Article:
steering gear could still be operated manually by ropes connected to winches on
the deck, so we were able to limp along until the problem was fixed. No doubt
other shipping was warned to keep out of our way.

The Zealand had a swimming pool. Well, OK! It was a canvas sheet attached to a
wooden frame. It could only be used in port and was only large enough to hold
five people so laps were about four strokes, but it was good on a hot day.

I well remember the day of the big flood. A pump for waste water I was working on
would run but would not pump water. The fourth engineer decided that a pipe
from the pump was clogged, so he disconnected it at a bend near its sea outlet
to clean it. Unfortunately we were rolling heavily at the time, which the
Zealand did at every opportunity, and the outlet went under water. As a result
we took on more water than we had previously been pumping. He and two other men
struggled each time the outlet came up to refit the pipe before the flood came
in again. They were totally soaked. I told him afterwards that at least it was
sea water and not waste water, but he did not seem to appreciate it.




It was not always rough and I remember
going on deck at night under moonlight and seeing us sailing across a sea that
looked like glass.

Strange how such memories come back when
presented with a picture. Hard to imagine that over fifty years have gone by
since I sailed on her. 

Dedicated to all the brave men and women who sailed the vessels from the Leith Shipyards.

Should you know of anyone who may have sailed on her, then please feel free to get in touch so that we can add the story here.



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0 #9 Barnard 2015-03-24 20:38
My father was Ralph Lawrence and he worked for Currie Line in London 1955/1966. I used to visit the Zealand, when I was 6 - 8 years. I have photos of when my father took family on to her for lunch. My father and mother are now both dead and I found a print of the Zealand, with Tower of London, and Tower Bridge.
0 #8 Barnard 2015-03-24 20:30
My father was Ralph Lawrence and worked for Currie Line in London. I used to go aboard the Zealand as a 6 -8 year old. I loved it and have pictures of Mum, Dad me and my baby brother on board her when we went for lunch. Dad and Mum are now dead and recently I found print of what I believe is the Zealand with The Tower of London and Tower Bridge. Happy memories
0 #7 james whyte 2014-11-05 20:16
to robert dyke i read your comment about your father george who sailed on the gothland he was the first mate then i was on the gothland with him and jimmy greig who was the chief steward i was the cook and i remember you and your mother visiting the ship i remember hearing about your father dying at a young age i think he was still in his forties ,was it loughbourgh you stayed or moved to
regards james whyte
0 #6 Peter Wallace 2014-03-19 14:17
To answer Rob Mongomery's query, it seems the company wanted to used the name Zealand for their new building in 1955 so renamed the present Zealand to Shetland. I met Capt Webster and went to Leith Nautical College with his son Alan.

For Ian McIntyre: my uncle Tom McPhail was last Managing Director of the company at the same time as Rowley Scovell.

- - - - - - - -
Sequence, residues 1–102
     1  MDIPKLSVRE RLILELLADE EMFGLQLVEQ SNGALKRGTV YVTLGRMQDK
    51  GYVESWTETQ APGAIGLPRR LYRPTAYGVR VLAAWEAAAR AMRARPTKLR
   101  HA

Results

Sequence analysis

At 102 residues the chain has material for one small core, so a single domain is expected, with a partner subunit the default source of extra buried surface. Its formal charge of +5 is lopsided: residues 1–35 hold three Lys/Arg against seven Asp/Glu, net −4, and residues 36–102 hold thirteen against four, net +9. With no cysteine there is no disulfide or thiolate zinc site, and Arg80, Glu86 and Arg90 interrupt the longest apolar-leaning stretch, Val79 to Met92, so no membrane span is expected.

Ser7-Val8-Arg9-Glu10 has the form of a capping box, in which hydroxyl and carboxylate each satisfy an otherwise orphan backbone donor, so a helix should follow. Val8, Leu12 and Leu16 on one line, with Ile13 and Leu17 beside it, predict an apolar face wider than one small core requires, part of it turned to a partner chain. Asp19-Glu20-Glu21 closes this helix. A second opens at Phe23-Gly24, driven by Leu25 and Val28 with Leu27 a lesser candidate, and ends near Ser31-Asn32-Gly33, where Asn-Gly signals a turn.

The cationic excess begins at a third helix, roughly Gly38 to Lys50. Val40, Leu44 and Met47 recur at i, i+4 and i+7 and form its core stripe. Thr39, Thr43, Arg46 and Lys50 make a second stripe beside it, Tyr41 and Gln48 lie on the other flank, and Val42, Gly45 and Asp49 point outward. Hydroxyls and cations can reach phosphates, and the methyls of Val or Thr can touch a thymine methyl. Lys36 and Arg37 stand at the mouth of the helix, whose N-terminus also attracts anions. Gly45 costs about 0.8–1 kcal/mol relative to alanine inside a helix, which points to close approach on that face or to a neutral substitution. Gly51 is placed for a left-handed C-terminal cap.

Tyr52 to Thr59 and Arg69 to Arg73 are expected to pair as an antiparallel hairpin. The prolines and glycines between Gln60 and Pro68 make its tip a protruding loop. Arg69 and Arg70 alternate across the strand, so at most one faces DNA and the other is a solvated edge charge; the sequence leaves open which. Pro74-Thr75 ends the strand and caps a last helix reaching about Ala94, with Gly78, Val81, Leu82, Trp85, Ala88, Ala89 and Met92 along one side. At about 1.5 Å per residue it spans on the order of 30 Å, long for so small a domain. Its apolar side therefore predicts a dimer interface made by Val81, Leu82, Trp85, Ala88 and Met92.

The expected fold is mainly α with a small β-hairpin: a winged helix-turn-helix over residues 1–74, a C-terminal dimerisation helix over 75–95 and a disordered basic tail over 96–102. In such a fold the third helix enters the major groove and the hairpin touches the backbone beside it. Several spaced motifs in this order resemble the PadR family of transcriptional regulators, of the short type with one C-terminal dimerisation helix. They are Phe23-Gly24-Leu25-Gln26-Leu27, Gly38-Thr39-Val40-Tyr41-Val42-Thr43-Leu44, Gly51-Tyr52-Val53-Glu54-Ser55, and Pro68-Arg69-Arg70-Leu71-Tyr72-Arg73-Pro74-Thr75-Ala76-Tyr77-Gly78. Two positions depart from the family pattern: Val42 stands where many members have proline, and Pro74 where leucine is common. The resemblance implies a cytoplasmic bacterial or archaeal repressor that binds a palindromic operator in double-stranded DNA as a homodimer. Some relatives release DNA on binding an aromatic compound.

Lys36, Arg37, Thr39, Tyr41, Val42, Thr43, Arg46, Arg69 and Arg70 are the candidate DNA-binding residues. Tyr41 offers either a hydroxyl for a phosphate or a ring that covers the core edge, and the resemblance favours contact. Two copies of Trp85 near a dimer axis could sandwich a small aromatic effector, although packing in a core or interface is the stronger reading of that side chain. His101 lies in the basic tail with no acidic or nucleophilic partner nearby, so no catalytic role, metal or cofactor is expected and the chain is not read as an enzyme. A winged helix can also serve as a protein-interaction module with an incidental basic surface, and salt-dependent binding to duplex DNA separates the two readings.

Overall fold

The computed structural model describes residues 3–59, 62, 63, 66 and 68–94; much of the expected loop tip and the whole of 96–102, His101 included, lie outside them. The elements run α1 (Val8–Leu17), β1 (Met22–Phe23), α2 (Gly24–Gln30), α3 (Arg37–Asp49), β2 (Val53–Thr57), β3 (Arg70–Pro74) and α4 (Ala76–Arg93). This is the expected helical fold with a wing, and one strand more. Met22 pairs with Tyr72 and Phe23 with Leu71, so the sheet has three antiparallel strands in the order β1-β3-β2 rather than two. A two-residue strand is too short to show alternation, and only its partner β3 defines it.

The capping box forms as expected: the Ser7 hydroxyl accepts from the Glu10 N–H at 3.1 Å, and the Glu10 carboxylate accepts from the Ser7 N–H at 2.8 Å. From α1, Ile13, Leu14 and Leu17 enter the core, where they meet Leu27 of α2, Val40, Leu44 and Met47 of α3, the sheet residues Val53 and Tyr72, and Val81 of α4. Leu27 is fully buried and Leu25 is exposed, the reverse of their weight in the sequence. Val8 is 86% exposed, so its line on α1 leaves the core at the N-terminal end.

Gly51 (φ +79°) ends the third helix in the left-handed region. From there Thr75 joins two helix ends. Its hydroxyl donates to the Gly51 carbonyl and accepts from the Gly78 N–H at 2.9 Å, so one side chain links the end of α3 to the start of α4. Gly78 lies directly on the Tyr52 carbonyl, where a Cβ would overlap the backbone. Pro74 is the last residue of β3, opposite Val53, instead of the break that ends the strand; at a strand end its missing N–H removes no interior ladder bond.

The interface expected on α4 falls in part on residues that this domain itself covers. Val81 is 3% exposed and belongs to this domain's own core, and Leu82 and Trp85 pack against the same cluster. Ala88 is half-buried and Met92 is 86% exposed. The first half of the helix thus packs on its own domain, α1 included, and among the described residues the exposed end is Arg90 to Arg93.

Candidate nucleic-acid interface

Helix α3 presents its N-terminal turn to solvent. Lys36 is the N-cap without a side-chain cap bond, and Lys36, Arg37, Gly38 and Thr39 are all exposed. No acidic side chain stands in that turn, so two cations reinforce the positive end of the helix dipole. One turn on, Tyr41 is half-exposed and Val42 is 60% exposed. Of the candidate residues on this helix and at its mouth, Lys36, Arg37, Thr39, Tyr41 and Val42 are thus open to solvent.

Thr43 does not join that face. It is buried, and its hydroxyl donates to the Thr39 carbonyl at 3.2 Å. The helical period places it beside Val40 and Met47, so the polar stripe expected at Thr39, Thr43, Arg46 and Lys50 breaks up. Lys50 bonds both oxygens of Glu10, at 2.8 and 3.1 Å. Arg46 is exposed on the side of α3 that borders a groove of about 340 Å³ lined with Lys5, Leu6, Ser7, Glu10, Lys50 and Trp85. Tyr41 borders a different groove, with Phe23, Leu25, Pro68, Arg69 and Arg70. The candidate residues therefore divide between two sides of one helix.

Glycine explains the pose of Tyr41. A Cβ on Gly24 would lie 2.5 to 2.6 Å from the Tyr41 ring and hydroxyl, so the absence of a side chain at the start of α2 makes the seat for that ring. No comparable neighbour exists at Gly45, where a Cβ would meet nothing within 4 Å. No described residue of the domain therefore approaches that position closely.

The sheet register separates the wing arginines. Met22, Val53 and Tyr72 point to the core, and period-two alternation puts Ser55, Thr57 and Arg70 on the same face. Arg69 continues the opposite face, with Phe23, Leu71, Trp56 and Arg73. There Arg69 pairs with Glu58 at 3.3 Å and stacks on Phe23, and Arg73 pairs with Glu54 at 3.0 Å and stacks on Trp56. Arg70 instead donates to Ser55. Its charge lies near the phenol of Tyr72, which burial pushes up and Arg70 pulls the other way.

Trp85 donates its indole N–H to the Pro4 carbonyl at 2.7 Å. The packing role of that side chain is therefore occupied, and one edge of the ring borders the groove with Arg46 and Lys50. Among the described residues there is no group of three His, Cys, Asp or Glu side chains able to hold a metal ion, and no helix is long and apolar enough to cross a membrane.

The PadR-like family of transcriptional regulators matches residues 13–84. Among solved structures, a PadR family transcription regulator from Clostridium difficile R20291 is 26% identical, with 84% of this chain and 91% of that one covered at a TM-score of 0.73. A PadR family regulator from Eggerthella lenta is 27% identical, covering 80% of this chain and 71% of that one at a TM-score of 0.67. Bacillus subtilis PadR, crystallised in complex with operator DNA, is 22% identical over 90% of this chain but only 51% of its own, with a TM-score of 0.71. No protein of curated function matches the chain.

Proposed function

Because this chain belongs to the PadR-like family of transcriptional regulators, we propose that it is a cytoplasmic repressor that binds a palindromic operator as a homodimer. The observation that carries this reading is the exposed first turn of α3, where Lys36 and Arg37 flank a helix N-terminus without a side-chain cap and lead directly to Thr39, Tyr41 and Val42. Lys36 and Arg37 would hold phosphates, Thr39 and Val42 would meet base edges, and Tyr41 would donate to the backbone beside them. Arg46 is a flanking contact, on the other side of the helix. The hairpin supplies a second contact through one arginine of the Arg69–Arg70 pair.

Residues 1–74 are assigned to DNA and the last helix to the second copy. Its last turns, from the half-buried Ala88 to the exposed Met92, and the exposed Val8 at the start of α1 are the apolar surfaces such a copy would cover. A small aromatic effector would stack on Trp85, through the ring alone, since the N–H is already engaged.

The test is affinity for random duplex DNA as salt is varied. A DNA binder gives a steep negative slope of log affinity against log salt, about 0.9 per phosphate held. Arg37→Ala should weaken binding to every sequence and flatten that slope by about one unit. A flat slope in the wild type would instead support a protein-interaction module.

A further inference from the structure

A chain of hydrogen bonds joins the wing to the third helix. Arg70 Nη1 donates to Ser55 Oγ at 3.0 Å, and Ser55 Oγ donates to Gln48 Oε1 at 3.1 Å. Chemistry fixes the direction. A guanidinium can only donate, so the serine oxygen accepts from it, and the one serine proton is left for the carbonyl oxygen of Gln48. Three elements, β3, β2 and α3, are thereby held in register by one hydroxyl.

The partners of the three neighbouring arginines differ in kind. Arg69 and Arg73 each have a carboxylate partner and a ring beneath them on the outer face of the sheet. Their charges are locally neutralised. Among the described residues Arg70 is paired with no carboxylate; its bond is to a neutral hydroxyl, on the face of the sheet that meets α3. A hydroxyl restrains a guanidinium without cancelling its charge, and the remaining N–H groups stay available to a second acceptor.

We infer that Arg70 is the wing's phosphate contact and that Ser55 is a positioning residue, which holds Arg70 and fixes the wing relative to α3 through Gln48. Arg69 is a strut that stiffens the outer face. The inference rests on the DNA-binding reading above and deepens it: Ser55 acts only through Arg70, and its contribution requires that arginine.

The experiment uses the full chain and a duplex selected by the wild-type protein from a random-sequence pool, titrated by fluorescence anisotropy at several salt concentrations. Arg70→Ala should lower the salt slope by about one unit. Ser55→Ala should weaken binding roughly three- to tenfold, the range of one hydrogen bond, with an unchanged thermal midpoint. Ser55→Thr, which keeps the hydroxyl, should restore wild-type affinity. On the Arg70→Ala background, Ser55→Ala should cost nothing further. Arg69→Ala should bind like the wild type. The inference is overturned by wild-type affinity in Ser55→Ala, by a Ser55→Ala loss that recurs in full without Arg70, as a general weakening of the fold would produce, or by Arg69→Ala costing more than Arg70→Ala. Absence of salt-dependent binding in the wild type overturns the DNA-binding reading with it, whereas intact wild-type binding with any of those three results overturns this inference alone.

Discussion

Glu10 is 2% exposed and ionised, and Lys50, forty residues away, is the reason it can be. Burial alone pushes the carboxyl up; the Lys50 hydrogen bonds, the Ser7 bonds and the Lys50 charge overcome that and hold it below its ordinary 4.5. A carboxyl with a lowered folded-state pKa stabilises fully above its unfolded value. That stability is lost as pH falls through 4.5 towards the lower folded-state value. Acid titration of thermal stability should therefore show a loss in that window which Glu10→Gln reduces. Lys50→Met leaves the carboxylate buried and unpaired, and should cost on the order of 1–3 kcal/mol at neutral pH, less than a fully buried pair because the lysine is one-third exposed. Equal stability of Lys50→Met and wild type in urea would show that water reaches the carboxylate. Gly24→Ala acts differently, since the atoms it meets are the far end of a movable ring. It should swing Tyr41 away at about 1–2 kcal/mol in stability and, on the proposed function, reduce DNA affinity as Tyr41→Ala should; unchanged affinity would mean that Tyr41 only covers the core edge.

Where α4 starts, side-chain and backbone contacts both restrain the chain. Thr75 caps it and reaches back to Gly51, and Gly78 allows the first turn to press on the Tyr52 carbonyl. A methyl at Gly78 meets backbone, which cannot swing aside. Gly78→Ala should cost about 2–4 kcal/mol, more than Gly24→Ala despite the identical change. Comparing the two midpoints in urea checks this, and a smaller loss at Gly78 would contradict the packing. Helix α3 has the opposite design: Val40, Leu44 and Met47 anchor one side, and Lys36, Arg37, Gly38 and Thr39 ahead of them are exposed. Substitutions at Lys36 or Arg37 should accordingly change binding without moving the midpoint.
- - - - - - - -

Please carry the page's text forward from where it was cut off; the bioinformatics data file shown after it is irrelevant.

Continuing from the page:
+1 #5 Ian MacIntyre 2014-01-31 11:40
My grandfather, also Ian MacIntyre, was Chairman of the Currie Line from 1932 to 1938. Yesterday I spent the day at the University archives in Glasgow researching the history of the Currie Line and the Leith Hull and Hamburg Steam Packet Line.
Also with us was Kerry Scovell, son of Rowley Scovell, last Chairman of the Line.
I think my grandmother wife of Ian launched the Zealand.
0 #4 Rob Montgomery 2013-05-22 06:07
Just finished reading about the Zealand as it happens I was catering boy on the very same ship from January till October 1958 Captain Webster in command the puzzling thing is that she was called SHETLAND during this period ....her official No 167037 the same as the Zealand I have searched for photographs of her as the Shetland without success but there is no doubt they are one and the same the official NO seems to confirm it regards RM
+1 #3 Rob Montgomery 2013-05-18 09:41
I sailed on this ship as catering boy from January 1958 until October 1958 we were on the Finland run all that time ...a great ship and company and crew Now she was called the "Shetland" official No 167037 during that time which I believe to be the same No as the "Zealand" but can,t find any details of her being the Shetland ...anybody help ???
+1 #2 Robert Dyke 2013-02-05 11:02
I am the son of the late Captain George Dyke who spent 17 years with the Currie Line, Leith. I was 11 when he passed away but have many memories of being fortunate enough to have sailed with my dad on the MV England and MV Gothland but spent times aboard other Currie Line ships. I know that he sailed on thevMV Zealand as I have photographs from him. He would have probably have been a 2nd mate back then but I am not sure if anyone remembers now, his good friend Jimmy Greg was the Chief Purser on many ships following. Regards Robert
+1 #1 Anthony Featherston 2012-10-07 13:51
Great site.
I sailed on the Zealand (electrical eng.)from 1958 to 1960. At that time the Denmark run had ceased and she went from London to Lisbon.